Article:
Robert Gagné’s Nine Events of Instruction

Robert Gagné’s Nine Events of Instruction


A way of structuring an instructional experience to maximize the amount of learning taking place.


Most instructors say, “Students need to learn about x” or “I need to cover x amount of information with my students.” But the mind is not a vessel to be filled, the way you can fill a pitcher with water. The great educational theorist Robert M. Gagné (1916-2002) discovered that learning happens most effectively and efficiently when the mind is activated and attention is sustained in certain ways. He created a structure that he called “the nine events of learning” to describe how this process takes place for most learners.




  1. Gain attention: Present a stimulus to ensure reception of the instruction.
  2. Describe the learning objective: What will the learner gain from the instruction?
  3. Stimulate recall of prior learning: Ask for recall of existing relevant knowledge.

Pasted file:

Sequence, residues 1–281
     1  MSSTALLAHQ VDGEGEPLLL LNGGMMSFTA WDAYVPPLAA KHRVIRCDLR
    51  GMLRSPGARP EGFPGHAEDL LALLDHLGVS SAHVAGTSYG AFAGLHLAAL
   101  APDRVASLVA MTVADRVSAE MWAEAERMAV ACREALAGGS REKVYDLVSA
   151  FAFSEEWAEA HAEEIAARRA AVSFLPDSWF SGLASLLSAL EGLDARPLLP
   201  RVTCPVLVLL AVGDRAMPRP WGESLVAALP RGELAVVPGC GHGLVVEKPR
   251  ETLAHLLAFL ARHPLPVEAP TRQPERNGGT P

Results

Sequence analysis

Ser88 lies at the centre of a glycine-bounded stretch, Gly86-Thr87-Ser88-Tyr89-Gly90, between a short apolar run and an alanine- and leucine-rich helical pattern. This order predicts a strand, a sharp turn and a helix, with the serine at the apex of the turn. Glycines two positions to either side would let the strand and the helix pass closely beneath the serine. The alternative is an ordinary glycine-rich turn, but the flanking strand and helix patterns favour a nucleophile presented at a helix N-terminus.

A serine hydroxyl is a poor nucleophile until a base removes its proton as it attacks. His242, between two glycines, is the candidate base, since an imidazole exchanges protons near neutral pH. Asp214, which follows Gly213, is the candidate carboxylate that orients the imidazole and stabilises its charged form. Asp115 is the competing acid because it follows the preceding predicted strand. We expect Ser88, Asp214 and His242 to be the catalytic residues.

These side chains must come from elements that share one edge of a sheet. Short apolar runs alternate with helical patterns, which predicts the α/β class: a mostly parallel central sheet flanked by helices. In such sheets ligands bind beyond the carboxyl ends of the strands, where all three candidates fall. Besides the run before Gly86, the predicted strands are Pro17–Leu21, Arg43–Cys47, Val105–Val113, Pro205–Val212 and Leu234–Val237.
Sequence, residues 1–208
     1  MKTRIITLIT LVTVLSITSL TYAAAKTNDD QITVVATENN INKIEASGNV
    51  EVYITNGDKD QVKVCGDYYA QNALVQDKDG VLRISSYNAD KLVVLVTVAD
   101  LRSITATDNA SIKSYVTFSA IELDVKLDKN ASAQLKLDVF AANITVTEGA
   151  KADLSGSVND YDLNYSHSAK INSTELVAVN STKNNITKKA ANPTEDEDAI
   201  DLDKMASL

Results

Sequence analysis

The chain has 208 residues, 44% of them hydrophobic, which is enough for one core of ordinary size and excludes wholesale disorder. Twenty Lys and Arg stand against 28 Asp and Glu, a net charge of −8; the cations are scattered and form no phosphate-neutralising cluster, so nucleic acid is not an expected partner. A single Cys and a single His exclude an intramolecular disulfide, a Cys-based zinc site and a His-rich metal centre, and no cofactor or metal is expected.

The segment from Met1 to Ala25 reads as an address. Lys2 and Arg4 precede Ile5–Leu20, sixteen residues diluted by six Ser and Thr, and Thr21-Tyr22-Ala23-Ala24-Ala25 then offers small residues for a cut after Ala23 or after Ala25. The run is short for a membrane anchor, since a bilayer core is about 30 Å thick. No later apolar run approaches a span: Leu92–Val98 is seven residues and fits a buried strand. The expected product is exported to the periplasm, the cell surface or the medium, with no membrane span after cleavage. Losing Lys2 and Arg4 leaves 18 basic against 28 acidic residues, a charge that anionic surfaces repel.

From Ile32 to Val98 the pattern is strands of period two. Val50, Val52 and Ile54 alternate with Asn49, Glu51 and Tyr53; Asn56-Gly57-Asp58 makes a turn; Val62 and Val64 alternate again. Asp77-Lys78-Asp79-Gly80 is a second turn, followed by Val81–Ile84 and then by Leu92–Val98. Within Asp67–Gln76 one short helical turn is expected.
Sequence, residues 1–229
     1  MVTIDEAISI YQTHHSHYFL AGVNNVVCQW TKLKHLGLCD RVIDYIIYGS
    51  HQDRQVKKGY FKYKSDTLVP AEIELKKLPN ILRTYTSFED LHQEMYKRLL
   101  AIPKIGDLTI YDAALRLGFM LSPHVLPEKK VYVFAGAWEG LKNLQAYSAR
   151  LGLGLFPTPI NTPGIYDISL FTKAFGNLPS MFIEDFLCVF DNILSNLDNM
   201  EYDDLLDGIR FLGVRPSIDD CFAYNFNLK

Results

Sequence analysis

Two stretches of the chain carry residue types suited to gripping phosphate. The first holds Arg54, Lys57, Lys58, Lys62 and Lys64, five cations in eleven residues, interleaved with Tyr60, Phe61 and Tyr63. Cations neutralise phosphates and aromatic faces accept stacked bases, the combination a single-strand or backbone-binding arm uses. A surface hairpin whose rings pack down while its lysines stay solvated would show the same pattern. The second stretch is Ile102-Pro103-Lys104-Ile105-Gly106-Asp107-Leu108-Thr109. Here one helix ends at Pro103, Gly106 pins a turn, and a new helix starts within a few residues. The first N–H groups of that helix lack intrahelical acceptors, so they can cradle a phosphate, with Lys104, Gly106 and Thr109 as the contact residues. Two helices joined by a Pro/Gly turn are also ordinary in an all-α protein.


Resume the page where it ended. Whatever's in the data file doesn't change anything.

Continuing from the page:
4. Present the stimulus: Display the content.
  5. Provide learning guidance: Provide coaching on how to learn.
  6. Elicit performance (provide practice): Learners respond to demonstrate knowledge.
  7. Provide feedback: Give informative feedback on the learner’s performance.
  8. Assess performance: More performance and more feedback, to reinforce information.
  9. Enhance retention and transfer to other contexts: Provide additional problems for practice and reinforcement.


Students learn most from events 6 and 7: practice and feedback. Instructors who focus on providing practice and feedback to their students realize the largest gains in learning.



  • Beginner



Don Clark has a nice explanation:


Read about Gagné’s life and work. He wrote many books that are well worth reading, esp The Conditions of Learning.

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